Anna Hamilton: from graduate assistant to City Connects staff member

 As a college student at Tulane University, Anna Hamilton was trying to decide whether she wanted to study education or psychology.

“I was very interested in working with children in some capacity and early on as an undergraduate, I got involved in psychological research working in a lab where I studied prejudice and stigma,” Hamilton recalls.

Outside the lab, Hamilton worked with children, leading social-emotional skills groups at an elementary school. She also worked as an intern at a family resource center, providing trauma-informed care for children and families who were involved with Louisiana’s Department of Child and Family Services.

For Hamilton, working with children won out, and she enrolled in Boston College to earn a master’s degree in mental health counseling.

“I thought I was leaving the research world behind,” she says.

But in 2016, a few weeks after she started her master’s program, Hamilton started working as a graduate assistant at City Connects and stepped back into the research world.

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The Weekly Connect 1/18/22

Here’s the new edition of The Weekly Connect. Check it out and sign up to have it delivered to your inbox!

Here are some of the things we’ve been reading about this week:

LGBTQ+ teens and young adults say debates and state legislation on restricting transgender youth participation in school sports, among other related issues, have been hard on their mental health. 

The U.S. Department of Agriculture is boosting funding for school meals because of inflation and supply chain issues. 

More than 167,000 children in the U.S. have lost parents or caregivers to Covid, which is roughly 1 in every 450 young people under age 18.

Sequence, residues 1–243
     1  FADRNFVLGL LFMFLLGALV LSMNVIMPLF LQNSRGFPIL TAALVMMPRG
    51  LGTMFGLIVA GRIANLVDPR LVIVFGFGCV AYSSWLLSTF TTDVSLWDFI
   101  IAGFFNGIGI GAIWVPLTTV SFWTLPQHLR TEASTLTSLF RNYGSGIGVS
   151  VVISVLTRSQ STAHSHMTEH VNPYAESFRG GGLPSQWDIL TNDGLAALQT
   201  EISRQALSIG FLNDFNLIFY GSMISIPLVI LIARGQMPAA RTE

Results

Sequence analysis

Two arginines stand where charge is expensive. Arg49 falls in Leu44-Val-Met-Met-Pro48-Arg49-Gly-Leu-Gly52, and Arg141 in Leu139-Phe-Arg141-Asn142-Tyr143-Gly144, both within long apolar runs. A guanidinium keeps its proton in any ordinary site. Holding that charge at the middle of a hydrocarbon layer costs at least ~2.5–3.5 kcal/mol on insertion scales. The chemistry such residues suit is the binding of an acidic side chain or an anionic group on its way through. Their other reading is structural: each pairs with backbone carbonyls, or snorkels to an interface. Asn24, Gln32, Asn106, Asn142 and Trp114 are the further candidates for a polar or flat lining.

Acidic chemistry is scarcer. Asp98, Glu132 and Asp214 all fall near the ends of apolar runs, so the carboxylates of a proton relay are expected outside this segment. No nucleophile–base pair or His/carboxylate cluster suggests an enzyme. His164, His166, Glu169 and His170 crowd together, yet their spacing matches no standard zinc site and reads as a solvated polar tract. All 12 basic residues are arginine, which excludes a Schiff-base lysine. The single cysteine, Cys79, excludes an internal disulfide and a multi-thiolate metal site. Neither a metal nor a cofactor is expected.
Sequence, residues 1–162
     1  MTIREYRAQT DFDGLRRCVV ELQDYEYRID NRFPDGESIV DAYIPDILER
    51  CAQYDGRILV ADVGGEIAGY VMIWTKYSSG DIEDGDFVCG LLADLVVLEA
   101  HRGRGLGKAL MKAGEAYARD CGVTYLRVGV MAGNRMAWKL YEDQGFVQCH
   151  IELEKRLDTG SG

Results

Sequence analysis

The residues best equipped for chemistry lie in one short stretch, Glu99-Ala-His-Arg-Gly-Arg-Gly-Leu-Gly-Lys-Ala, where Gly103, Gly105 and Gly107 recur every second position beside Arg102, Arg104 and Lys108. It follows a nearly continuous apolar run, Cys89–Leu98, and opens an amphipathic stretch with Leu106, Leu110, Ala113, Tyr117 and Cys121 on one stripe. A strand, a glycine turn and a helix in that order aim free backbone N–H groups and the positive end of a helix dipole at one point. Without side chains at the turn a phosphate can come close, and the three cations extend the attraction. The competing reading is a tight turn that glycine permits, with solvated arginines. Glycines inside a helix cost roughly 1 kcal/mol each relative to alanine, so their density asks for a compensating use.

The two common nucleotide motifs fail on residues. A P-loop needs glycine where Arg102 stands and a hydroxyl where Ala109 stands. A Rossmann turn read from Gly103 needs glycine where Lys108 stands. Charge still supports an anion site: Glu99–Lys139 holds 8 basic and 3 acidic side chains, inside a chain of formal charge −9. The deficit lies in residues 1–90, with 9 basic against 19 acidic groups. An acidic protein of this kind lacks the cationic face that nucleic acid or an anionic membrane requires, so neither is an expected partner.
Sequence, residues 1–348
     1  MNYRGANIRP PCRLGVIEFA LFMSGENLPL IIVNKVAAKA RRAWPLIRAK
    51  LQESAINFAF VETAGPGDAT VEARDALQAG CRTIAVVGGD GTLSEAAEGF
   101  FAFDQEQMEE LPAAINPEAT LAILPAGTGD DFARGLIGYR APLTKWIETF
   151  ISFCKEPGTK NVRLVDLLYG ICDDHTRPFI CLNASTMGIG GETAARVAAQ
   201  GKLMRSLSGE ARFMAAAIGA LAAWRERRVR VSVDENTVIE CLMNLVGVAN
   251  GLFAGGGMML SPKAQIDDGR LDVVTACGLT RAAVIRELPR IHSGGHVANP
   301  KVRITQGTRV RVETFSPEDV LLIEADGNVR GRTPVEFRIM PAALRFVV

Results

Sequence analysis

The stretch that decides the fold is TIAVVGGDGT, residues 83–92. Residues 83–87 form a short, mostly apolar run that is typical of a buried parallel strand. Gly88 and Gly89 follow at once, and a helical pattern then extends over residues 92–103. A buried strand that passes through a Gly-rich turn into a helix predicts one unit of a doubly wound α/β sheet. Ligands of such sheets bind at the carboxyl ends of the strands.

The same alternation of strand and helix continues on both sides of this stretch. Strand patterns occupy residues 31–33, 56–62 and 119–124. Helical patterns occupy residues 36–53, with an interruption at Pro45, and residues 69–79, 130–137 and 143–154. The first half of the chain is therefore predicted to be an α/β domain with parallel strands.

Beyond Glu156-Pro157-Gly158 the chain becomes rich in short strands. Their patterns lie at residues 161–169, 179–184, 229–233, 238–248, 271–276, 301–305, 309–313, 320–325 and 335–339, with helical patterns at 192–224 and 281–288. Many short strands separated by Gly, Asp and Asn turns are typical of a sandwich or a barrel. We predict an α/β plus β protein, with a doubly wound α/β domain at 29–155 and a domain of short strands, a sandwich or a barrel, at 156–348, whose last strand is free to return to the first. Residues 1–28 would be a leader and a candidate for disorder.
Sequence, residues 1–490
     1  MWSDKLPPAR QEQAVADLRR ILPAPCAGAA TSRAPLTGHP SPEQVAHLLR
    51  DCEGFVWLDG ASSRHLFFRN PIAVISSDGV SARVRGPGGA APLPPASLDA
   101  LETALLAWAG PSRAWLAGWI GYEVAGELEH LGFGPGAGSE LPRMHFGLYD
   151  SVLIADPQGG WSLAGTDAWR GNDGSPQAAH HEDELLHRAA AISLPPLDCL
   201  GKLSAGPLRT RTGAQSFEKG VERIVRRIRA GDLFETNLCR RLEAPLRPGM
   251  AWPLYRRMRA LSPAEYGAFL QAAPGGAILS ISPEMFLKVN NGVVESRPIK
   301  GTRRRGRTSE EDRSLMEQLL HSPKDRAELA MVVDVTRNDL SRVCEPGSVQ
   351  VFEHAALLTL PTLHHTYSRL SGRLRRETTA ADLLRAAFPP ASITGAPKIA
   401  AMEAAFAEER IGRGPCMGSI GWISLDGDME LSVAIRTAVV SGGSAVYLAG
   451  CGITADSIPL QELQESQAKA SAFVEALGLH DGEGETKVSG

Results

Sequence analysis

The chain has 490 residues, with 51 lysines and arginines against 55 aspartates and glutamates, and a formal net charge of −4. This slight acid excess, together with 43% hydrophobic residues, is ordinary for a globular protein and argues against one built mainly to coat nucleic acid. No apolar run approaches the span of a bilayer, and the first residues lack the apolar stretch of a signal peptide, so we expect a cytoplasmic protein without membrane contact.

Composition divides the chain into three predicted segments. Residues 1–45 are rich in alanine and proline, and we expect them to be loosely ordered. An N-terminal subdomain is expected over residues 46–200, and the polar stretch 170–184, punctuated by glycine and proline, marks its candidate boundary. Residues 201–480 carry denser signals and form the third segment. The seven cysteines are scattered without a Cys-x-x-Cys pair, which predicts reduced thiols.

To read more, click on the following links.

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The Weekly Connect 1/10/22

Here’s the new edition of The Weekly Connect. Check it out and sign up to have it delivered to your inbox!

Here are some of the things we’ve been reading about this week:

Texting parents about their children’s attendance can reduce absenteeism. 

Omicron hinders schools’ post-holiday reopening plans. 

Michigan schools hiring hundreds of mental health staff members

To read more, click on the following links.

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A happy holiday story

Taylor Herring is a new City Connects Coordinator at Boston’s Ellis Mendell School, but she’s already into the full swing of the holiday season.

For Thanksgiving she worked with the United Way to secure food baskets for families in need. And the family council at her school raised funds to buy Stop and Shop gift cards that also helped families put food on their Thanksgiving tables. 

“We’re a small school. We have about 270 kids. But we were able to help around 70 families,” Herring explains. “Our principal noted that because of Covid there has been an increase in the number of families who needed resources.”

Now that Christmas is coming, Herring is in the midst of managing a toy drive.